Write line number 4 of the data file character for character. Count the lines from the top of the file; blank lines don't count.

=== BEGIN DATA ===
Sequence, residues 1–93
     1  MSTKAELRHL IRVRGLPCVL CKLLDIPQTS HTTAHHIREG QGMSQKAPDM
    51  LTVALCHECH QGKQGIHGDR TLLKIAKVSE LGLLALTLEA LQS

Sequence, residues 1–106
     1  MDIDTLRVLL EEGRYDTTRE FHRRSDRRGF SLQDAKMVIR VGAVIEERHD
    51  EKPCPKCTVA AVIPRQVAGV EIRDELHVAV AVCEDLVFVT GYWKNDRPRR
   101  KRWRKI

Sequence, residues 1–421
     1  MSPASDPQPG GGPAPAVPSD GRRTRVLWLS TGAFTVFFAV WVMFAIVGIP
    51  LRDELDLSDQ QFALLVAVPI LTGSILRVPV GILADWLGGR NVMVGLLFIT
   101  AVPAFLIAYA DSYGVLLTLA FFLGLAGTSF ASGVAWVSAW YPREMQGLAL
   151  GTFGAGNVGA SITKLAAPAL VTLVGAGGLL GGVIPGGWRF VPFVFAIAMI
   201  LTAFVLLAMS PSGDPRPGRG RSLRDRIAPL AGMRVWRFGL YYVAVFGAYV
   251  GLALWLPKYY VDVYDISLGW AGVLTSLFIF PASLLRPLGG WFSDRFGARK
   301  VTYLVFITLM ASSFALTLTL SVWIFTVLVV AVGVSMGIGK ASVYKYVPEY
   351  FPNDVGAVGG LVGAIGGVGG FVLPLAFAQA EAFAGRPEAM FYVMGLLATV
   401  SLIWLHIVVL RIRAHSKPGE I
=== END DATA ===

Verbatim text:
Sequence, residues 1–106